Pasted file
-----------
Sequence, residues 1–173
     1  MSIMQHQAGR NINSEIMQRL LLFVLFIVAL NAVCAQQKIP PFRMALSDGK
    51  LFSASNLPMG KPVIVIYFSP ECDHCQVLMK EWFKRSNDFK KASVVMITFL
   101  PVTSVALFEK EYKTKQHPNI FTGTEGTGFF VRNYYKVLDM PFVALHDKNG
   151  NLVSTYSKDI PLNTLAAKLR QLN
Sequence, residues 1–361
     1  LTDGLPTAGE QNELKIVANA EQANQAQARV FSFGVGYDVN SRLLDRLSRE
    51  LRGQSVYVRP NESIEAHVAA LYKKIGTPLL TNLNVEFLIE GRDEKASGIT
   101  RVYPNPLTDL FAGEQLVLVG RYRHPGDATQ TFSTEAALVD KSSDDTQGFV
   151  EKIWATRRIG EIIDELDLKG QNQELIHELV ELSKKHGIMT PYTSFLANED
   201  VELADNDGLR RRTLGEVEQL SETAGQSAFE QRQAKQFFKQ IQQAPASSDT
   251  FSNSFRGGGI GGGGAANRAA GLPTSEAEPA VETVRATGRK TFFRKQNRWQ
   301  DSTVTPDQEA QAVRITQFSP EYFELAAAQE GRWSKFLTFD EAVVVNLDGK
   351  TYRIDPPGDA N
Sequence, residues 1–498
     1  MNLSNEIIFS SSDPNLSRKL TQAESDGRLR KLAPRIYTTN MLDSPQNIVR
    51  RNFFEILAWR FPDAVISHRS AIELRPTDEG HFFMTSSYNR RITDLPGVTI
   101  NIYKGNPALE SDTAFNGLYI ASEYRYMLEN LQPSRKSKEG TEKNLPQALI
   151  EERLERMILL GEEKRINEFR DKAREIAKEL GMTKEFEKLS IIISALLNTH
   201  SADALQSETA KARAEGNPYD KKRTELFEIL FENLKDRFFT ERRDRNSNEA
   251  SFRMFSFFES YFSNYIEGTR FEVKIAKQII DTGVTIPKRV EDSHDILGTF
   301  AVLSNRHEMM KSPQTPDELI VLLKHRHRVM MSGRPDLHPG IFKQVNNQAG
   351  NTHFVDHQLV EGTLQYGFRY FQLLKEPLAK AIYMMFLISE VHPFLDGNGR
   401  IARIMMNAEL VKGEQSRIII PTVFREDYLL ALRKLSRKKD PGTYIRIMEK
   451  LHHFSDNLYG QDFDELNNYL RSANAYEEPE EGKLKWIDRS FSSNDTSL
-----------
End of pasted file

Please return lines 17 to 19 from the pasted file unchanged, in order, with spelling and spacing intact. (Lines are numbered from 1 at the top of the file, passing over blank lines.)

    51  RNFFEILAWR FPDAVISHRS AIELRPTDEG HFFMTSSYNR RITDLPGVTI
   101  NIYKGNPALE SDTAFNGLYI ASEYRYMLEN LQPSRKSKEG TEKNLPQALI
   151  EERLERMILL GEEKRINEFR DKAREIAKEL GMTKEFEKLS IIISALLNTH